Only 47% of brands are seen as trustworthy around the world: Havas Report 2021

Havas meaningful brands report 2021

Surveying over 395,000 people around the world, the latest Havas’ Meaningful Brands report 2021 uncovers the declining trust amongst consumers with brands and businesses, and more.

Consumers around the world are becoming more cynical with each passing day with less than half of brands are seen as trustworthy (47%), suggests the latest Havas Meaning Brands report 2021.

In its 12th year, Havas’ landmark study of brand value, surveying over 395,000 people around the world, uncovers deepening cynicism, alongside a growing expectation gap in consumers’ relationships with brands and businesses. It also reveals a significant long-term trend towards consumers desperately seeking authenticity, meaningful, and sustainable action for the good of society and the planet but feeling sorely let down by empty promises. For the first time, the survey maps its proprietary metrics to align with the United Nations’ Sustainable Development Goals, to help brands deliver transparency and tangibility for the future.

Since the bi-annual global survey began in 2009, brand meaningfulness has consistently declined. The 2021 study, which measures brand ‘meaning’ in functional, personal and collective terms, shows that 75% of brands could disappear overnight and most people wouldn’t care, or would easily find a replacement.

But the 2021 survey, carried out in mid-2020 during the height of the pandemic, also shows a growing lack of trust in brands with 71% of people having little faith that they will deliver on their promises. What’s worse, only 34% of consumers think companies are transparent about their commitments and promises.

Brand trust, as measured in the Meaningful Brands study, is at an all-time low. Only 47% of brands are seen as trustworthy with trust metrics around the world in decline as 39% of brands are trusted in North America, while only 24% are trusted in East Asia.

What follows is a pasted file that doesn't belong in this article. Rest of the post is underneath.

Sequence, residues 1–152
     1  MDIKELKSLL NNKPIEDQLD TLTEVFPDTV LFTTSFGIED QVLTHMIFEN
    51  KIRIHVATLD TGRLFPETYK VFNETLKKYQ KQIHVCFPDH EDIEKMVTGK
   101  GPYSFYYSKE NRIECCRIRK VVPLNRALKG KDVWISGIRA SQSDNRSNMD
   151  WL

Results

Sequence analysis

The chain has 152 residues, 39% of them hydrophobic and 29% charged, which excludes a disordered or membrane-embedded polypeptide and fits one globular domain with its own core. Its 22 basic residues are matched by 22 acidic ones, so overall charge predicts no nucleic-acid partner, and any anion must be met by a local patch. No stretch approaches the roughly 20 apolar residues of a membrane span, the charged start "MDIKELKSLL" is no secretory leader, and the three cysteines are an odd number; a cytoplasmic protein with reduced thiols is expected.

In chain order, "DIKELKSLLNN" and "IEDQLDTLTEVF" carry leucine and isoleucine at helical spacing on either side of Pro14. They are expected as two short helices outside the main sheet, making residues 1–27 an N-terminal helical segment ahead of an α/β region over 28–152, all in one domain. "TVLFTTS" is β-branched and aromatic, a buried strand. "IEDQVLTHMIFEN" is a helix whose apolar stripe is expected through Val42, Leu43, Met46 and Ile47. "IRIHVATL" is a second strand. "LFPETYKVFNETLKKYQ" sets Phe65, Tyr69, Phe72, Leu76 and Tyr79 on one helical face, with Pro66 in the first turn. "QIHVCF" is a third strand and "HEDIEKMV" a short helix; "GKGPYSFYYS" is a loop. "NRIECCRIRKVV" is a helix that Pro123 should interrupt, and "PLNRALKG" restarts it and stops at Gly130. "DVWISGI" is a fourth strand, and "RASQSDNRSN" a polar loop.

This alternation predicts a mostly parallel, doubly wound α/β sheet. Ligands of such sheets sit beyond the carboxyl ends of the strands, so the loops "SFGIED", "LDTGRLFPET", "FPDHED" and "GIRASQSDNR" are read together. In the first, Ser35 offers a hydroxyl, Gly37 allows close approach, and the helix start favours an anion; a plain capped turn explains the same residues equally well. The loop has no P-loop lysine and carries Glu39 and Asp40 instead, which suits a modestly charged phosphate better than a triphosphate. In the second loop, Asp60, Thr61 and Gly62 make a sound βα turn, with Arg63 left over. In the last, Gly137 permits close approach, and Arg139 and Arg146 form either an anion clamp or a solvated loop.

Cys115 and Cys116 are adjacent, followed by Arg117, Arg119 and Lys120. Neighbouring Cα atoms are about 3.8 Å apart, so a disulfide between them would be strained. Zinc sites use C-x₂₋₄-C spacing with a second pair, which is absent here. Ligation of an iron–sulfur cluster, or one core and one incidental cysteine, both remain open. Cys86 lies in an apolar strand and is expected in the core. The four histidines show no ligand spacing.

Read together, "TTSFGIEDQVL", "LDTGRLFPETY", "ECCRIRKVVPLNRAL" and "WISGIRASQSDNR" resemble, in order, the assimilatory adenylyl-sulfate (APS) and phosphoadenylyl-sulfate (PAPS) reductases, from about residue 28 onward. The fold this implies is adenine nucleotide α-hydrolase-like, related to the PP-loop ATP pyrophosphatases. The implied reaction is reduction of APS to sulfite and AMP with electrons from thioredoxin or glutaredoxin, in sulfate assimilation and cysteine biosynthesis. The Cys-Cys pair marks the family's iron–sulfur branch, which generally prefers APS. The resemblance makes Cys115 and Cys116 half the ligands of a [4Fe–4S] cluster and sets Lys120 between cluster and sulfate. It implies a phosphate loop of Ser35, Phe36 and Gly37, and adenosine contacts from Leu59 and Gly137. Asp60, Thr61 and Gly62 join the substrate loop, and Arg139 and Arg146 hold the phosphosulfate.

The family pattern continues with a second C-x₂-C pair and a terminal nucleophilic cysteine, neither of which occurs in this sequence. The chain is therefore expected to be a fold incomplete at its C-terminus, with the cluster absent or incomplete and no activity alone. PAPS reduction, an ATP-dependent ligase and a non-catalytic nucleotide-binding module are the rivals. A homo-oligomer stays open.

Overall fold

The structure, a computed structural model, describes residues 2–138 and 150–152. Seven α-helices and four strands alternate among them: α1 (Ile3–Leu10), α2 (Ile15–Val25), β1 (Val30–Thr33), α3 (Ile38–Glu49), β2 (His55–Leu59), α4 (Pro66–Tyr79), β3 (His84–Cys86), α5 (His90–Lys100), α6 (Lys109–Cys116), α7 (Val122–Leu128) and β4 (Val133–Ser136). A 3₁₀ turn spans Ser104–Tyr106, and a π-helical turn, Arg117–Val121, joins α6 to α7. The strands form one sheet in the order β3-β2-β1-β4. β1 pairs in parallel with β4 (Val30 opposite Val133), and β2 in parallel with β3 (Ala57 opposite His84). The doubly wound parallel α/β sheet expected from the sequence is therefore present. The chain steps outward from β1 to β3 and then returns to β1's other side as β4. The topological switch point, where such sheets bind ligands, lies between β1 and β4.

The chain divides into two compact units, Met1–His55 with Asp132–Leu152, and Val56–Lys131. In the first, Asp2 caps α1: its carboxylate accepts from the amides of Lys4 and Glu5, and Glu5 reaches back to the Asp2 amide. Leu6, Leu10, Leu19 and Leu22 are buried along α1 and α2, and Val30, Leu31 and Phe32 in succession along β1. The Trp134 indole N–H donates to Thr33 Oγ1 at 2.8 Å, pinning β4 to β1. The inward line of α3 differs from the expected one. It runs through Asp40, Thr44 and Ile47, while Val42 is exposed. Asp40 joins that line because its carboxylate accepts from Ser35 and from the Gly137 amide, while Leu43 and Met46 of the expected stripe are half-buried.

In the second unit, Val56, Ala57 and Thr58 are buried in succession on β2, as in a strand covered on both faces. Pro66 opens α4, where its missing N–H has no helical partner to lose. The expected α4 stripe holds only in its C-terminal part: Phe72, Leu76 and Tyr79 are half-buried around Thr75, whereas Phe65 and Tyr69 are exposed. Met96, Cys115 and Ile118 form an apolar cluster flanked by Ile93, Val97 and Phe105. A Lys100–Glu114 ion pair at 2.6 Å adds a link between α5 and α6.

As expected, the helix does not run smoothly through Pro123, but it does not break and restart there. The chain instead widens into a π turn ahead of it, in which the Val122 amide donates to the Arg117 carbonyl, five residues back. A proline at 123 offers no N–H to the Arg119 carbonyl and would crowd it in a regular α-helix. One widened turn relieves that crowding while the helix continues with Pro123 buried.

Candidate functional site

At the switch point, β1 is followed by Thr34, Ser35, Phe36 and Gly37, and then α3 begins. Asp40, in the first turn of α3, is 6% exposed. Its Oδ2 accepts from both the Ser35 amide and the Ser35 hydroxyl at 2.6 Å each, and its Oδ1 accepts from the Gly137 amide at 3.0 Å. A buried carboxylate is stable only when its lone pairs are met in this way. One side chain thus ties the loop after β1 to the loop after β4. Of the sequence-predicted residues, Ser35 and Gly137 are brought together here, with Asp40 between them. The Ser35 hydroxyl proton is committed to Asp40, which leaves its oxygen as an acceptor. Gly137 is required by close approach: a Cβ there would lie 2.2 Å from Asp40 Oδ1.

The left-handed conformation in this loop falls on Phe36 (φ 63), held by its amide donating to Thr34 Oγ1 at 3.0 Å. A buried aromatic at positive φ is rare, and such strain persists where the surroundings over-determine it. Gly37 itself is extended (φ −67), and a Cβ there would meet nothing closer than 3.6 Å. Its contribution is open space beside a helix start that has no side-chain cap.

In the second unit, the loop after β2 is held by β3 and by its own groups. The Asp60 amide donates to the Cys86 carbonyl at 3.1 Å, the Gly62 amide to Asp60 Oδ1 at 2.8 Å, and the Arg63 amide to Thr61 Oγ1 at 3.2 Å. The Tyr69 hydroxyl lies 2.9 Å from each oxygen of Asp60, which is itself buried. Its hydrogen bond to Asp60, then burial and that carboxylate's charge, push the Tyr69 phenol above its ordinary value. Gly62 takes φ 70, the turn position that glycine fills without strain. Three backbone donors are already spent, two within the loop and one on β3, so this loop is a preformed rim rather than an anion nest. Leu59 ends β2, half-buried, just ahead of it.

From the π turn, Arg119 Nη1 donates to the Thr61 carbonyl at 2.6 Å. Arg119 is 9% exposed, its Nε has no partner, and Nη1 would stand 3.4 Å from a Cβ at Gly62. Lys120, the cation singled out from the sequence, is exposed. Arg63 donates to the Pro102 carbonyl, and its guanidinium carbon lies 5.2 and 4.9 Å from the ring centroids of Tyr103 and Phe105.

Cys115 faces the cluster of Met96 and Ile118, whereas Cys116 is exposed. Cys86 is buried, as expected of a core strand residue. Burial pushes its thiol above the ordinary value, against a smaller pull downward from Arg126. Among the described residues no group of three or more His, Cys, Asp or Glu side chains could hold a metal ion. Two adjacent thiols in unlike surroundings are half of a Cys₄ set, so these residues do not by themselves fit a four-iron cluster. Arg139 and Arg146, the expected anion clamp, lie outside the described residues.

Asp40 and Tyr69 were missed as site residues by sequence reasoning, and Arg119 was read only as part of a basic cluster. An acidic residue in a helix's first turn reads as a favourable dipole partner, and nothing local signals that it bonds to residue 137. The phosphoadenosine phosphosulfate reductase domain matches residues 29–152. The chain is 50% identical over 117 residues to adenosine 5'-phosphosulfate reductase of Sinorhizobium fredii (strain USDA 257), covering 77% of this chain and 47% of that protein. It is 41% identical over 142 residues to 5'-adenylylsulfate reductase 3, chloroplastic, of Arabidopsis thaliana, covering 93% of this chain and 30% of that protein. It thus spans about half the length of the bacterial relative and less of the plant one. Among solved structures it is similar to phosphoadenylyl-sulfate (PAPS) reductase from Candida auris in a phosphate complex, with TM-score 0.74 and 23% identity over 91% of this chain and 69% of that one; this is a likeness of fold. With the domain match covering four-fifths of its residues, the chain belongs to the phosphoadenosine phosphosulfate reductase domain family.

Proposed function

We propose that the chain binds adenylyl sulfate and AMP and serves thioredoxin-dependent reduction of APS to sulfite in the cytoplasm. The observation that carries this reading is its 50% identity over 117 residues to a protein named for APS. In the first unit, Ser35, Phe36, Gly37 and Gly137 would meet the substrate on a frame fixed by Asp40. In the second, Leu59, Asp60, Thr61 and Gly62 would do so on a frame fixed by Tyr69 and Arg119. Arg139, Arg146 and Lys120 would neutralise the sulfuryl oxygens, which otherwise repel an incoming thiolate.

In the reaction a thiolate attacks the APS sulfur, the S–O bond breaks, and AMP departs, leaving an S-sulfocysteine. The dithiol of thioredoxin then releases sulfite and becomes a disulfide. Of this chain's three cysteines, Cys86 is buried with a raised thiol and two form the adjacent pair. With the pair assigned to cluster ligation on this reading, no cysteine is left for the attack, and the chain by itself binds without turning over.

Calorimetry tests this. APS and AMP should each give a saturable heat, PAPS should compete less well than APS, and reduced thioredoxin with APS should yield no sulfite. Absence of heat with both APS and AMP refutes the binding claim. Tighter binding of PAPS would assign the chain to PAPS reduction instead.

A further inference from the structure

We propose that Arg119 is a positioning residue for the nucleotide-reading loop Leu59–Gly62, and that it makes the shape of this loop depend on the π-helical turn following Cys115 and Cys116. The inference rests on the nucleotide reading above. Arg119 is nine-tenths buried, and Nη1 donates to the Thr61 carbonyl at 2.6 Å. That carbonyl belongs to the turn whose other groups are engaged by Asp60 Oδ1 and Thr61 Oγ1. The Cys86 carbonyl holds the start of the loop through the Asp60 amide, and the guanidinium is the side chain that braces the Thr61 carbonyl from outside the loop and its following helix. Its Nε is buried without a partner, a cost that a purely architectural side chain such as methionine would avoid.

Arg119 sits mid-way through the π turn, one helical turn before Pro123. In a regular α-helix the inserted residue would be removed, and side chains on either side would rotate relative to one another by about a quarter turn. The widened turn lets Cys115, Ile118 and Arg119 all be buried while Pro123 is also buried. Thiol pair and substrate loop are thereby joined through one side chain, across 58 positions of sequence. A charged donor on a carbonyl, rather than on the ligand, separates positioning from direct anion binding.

Also read: Alcohol brands increased their ad spends on digital media to 24% in 2020: Zenith…

Mark Sinnock, Global Chief Strategy Officer, Havas Creative Group, said, “This year’s report shows us that consumers have entered an ‘age of cynicism’. They are surrounded by what they perceive as empty or broken promises – at all levels of our society – and we are starting to see the impact of this mistrust on brands. Historically, companies have been looking after people’s functional and personal needs, but brands now face a bigger challenge. The more claims they make to be delivering change at a collective, societal level, and the more these promises are left unfulfilled, the wider the gap between what we expect and what we actually get, and the deeper the cynicism.”

“Despite the growing cynicism, our expectations of brands are at an all-time high, creating a significant expectation gap. 73% of global respondents believe brands must act now for the good of society and the planet and 64% of people – an increase of 10 points since 2019 have entered their own age of action, preferring to buy from companies with a reputation for purpose as well as profit. More than half (53%) of people will go even further, saying they are willing to pay more for a brand that takes a stand”, added Sinnock.